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The county

Sussex has a population of about 1.5 million people. It is the second most densely wooded county in England and has 90 miles of coastline. Brighton and Hove and Chichester are the two cities in the south and Gatwick airport, alongside Crawley and Horsham, is a major centre in the north. Historic towns like Worthing, Eastbourne, Hastings, Lewes, Midhurst, Petworth, East Grinstead, Haywards Heath, Battle and Rye provide attractive places to live, in addition to delightful villages such as Amberley and Alfriston. The seaside, coastal plane, marshland, South Downs, Vale of Sussex and High Weald provide plenty of scenic variety. Communication links with the capital are good and it is no wonder the county provides homes for many people commuting to work in London as well as being a popular tourist and retirement destination.

The federation

Residents are interested in their living environment and all wish to maintain a sense of place and enhance their surroundings. Many have joined a local town, village or amenity society and 80 different societies now make up the Federation. It was formed in 1966, when the Society of Sussex Downsmen, Sussex Rural Community Council and Sussex Vigilants Association decided on a policy of joint action to counter a threat from indiscriminate development. It has always been independent and member-led.

Today, the Federation is a registered charity, remains a forum for individual societies to benefit from each others’ experiences and represents about 50,000 people who care for Sussex. It is an umbrella organisation to distil and disseminate the work of members in local planning, conservation and environmental matters throughout East and West Sussex. In addition, as every amenity society needs to have adequate insurance to cover the activities it carries out, the Federation negotiates a competitive policy with a reputable agency. All members are eligible to take up that policy.

Each member society deals with its own local problems, calling on the Federation for support where needed. A newsletter is published three times a year and open meetings are sponsored on a county and district basis to discuss problems and subjects of mutual interest.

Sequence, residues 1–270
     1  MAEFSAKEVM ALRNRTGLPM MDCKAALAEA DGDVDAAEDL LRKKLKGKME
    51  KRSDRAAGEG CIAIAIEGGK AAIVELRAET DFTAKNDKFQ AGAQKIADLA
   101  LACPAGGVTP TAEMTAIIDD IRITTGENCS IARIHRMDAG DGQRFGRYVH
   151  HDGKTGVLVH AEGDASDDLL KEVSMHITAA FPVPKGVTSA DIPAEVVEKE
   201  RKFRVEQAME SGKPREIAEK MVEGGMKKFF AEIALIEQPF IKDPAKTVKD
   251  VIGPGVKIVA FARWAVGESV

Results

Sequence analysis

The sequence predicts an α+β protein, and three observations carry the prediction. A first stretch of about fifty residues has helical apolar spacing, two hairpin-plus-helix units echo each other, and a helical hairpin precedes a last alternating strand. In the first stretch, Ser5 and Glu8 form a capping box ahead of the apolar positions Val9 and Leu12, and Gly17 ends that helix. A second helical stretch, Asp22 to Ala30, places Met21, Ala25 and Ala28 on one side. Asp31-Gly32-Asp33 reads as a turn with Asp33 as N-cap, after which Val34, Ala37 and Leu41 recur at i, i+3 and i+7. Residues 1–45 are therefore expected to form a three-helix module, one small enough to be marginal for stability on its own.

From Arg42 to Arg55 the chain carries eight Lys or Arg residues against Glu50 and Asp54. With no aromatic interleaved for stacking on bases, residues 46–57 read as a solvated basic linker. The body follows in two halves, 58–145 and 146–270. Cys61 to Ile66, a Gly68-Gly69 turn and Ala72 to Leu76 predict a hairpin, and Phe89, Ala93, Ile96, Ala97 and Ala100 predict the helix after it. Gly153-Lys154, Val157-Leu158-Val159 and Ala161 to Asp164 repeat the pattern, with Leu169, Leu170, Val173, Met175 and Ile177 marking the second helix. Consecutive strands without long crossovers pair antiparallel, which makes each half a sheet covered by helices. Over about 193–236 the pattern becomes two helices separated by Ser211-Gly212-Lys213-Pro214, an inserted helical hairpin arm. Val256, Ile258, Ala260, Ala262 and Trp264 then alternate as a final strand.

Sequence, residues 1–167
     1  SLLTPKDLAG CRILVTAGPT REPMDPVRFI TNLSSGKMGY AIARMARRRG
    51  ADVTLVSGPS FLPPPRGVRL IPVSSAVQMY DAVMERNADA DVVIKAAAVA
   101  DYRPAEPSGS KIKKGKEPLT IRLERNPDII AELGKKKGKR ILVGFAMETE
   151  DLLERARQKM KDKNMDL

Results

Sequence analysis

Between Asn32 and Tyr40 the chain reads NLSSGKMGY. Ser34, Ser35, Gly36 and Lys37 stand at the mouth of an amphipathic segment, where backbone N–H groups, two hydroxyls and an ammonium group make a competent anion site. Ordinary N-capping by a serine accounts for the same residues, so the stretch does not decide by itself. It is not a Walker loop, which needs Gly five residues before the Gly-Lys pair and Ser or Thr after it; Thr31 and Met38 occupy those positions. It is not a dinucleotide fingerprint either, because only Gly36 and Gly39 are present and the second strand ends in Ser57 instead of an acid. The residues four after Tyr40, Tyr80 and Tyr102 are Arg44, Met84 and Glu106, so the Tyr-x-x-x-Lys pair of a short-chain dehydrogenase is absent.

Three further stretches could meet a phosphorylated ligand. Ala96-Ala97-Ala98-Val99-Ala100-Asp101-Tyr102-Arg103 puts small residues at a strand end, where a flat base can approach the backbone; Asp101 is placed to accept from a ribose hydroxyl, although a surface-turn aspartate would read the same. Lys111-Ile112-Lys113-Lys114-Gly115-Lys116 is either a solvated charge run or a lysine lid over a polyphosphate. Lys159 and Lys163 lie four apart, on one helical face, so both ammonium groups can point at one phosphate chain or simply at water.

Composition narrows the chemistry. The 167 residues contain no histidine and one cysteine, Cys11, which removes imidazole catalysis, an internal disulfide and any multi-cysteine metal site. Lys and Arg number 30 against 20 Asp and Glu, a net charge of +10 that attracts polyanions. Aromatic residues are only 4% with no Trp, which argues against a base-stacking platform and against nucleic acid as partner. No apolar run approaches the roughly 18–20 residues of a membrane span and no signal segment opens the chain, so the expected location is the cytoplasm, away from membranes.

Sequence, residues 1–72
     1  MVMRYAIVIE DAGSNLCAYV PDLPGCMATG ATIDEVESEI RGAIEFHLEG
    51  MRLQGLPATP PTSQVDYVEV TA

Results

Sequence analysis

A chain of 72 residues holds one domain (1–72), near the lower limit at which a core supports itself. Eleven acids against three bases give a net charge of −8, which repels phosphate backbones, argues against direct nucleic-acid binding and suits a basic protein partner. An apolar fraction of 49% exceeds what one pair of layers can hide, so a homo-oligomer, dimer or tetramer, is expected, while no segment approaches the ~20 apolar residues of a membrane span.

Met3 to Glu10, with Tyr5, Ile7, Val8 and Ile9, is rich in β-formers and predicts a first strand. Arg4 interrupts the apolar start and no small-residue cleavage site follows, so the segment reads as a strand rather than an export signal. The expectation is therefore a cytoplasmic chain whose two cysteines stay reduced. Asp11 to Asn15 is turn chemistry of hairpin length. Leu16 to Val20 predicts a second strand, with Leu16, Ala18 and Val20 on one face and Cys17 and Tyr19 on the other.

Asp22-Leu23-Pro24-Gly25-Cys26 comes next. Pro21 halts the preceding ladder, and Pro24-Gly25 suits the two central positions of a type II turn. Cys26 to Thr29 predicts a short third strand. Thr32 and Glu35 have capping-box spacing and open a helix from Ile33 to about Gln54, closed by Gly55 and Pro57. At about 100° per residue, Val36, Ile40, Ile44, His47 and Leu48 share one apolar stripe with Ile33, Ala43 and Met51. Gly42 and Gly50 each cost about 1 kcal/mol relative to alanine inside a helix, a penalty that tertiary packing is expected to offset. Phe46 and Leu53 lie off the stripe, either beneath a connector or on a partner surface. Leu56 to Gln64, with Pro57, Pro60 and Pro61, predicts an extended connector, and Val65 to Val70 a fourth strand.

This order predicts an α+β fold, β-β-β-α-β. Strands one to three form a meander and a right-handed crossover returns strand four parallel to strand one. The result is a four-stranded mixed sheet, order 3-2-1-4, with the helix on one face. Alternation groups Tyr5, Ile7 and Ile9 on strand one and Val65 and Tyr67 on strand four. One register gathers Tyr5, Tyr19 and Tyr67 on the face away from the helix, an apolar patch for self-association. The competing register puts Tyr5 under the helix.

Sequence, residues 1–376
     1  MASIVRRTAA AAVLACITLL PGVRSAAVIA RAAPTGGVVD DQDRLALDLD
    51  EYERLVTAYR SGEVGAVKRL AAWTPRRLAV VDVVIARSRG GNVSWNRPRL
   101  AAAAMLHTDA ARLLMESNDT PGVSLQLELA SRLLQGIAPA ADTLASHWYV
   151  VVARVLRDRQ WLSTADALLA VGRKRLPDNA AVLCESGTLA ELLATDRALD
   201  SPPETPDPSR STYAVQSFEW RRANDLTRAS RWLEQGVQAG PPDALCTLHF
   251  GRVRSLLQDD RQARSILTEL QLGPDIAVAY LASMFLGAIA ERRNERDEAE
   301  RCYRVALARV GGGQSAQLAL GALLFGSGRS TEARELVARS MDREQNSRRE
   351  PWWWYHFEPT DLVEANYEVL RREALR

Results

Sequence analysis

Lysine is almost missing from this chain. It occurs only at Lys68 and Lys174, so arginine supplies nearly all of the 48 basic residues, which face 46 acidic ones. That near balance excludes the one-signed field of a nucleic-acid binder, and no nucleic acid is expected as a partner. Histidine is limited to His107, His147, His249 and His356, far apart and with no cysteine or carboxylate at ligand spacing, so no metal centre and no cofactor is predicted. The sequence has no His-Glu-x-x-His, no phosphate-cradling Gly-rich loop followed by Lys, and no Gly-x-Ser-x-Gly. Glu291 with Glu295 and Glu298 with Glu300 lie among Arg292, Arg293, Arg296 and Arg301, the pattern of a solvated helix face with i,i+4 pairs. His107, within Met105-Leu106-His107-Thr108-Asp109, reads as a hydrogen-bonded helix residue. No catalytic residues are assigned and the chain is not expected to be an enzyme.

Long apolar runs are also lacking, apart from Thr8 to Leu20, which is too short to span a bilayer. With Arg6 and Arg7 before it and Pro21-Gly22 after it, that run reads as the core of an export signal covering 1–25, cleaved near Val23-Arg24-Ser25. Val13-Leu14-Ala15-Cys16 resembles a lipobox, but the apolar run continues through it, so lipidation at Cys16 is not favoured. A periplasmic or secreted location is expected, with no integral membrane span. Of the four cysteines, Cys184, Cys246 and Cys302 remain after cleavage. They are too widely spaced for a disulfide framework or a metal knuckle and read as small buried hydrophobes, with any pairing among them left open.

Major issues

There is pressure for development of homes, schools, factories, offices, roads, airfields, power stations, wind farms, microwave towers, quarries for stone and sand, rubbish tips, incinerators, sewage works, alternative use of farmland; the list is almost endless. This development pressure raises a host of questions: how much new development must we have? Where will it be? How will it be implemented? Will you leave it to others to decide how your own local area is to be developed or would you like to have a say in how the development is designed and carried out?

Quality of life and a sense of place have many aspects. Amenity societies do their bit to ensure standards do not slip through active campaigning or, supplying a watchdog role on services provided by elected councils. Having requisite insurance cover allows volunteers to operate with confidence.

Presentation on The Taylor Report

The following presentation on The Taylor Report was made at the conclusion of the 2009 AGM by Peter Home and Andrew Smith from Horsham District Council:
Living and Working in the Countryside (PowerPoint)

The presentation can be viewed with recent versions of Microsoft Office or the excellent free alternative, Open Office, which is available from http://www.openoffice.org/

 
Current issues are covered in the recent NEWSLETTER